While Ventimiglia synthesizes the soldierly aspects of battle from primary sources, like his dad and O’Brien, he makes sure to parlay the sentimental undertones that shape who Jack is.

“There’s always an emotional touchstone that I have to be aware of within the technical aspect of playing war,” Ventimiglia said. “Because of who Jack is and what he’s going through, I can’t just dive him into ‘super-militaristic guy with the golden heart’; he’s the guy with the conscience. But in this case, the guy with the golden heart is attached to a rifle.”

Most of the Vietnam narrative was shot at Lake Piru in California, but production also took place actually in Vietnam.

Milo Ventiglia at premiere
Milo Ventimiglia attends “The Art Of Racing In The Rain” New York Premiere in New York City. (Photo by Steven Ferdman/WireImage)

“For me, I was very aware,” Ventimiglia said of shooting in Vietnam, “and maybe a little self-conscious of wearing an American uniform over there.”

The actor pointed to a particularly striking moment during a break from shooting near two lotus fields. Wearing the full battle dress uniform—complete with a rifle slung on his shoulder—Ventimiglia was standing in place when an older man on a bicycle came upon him.

“He kind of looked at me, looked at me again and said something to himself and kept riding,” Ventimiglia said. “And Dustin Nguyen, who was my costar who played Bao, he starts laughing … I guess the guy [said], ‘An American soldier, what the hell is he doing here again?’”

A Personal Battle

Ventimiglia’s character doesn’t like to talk about his experiences in war, because he doesn’t want anyone to bear the burden of knowing.

“[Jack] doesn’t want anybody to have to shoulder that or be concerned for him, because Jack and who he is and being a man of that era, I think he bottles it all up and he shoulders it. He gets through it for himself. He doesn’t want anybody else to have to help him deal with it. He just will keep it concealed forever, which ultimately he does.”

Ventimiglia understands this personal paradox, and does his best to convey how these emotions can play out amongst family and friends. He sees it in his dad.

“My dad is such a great man,” he told PEOPLE’s Jess Cagle. “I know even though he presented himself as put-together, I know that war impacted him and affected him; I would start to pull those feeling I saw from my own father into Jack.”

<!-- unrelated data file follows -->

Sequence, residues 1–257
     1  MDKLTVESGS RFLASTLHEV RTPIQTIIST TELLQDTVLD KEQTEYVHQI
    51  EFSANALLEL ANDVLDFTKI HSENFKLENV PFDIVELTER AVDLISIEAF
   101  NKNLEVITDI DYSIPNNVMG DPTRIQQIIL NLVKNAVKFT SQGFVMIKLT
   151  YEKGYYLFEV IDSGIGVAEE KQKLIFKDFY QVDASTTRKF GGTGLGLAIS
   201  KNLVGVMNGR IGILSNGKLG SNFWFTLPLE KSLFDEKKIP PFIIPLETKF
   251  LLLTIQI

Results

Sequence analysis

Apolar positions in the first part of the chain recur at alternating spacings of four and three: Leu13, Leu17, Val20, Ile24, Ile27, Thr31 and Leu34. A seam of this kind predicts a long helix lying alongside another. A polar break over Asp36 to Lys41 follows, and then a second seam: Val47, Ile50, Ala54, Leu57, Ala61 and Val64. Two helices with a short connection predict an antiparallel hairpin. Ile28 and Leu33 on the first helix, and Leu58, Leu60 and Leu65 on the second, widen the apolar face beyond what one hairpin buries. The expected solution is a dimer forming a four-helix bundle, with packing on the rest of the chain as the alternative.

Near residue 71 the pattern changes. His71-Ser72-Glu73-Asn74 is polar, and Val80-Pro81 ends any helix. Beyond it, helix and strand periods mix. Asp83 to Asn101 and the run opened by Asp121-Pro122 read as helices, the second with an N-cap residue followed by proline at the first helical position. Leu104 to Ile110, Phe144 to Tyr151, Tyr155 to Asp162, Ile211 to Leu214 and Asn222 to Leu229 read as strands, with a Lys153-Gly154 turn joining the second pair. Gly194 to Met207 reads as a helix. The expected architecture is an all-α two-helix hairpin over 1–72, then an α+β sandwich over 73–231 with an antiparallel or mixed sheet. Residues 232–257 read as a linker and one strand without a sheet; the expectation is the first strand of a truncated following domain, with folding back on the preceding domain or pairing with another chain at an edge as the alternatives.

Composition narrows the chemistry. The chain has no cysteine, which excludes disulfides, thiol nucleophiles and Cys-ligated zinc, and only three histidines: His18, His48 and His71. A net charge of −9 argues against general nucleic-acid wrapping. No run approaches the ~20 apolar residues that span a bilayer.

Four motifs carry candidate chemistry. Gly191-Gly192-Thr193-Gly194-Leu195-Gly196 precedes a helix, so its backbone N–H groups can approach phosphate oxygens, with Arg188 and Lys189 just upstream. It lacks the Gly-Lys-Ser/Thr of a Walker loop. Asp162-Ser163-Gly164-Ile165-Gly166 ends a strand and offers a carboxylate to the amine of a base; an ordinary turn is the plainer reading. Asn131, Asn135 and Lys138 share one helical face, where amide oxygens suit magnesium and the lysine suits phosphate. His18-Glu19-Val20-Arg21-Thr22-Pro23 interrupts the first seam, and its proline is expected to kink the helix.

Organizations like America’s Warrior Partnership are committed to empowering communities to address issues like veteran mental health. It fills the gaps that exist between current veteran service organizations by helping nonprofits connect with the veterans, military members and families in need: bolstering their efficacy and improving their results.

For example, Community Integration is an America’s Warrior service model that emphasizes holistic support inclusive of mental health, ensuring veterans are empowered to achieve a better quality of life.

“He may be past physical war, but it doesn’t mean he’s not in private war—personal war,” Ventimiglia said of Jack in an Entertainment Weekly (EW) interview. “Those fractures and cracks that you just never recover from. We’re going to see him go through that experience post-war, really trying to reconnect and restart. What is life after Vietnam?”

Actor Milo Ventimiglia laughs with Air Force Lt. Col. Elizabeth H. Scott during a visit to the Pentagon
Actor Milo Ventimiglia laughs with Air Force Lt. Col. Elizabeth H. Scott during a visit to the Pentagon.

Directorial Debut

Ventimiglia, who was recently nominated for his third consecutive Lead Actor Emmy, has expanded his role with This Is Us to include director. His directorial debut, episode five of season four, “Storybook Love,” follows his own character and his pregnant wife as they host their first family get-together in their new house. The episode also follows a still-grieving Rebecca a year after Jack’s death hosting a dinner after Kevin – her son –shared his marital news.

Ventimiglia leveraged his role as the actor embodying Jack as well as Jack’s own proximity to the characters. He says this gave him a depth of understanding and appreciation for their roles in the narrative.

“I watch the show from almost a studious place where I’m focused on the making of it, the look of it and the feel of it. Aside from acting on the show, I’m a fan.”

Because of the anachronistic approach the show takes to storytelling, it’s crucial the stories and timelines are consistent throughout the narrative.

“I love the working backwards of this show,” Ventimiglia told The Hollywood Reporter. “We know that Jack lost his life in a fire. How are we going to get there? It’s informing where we’re going to be going.”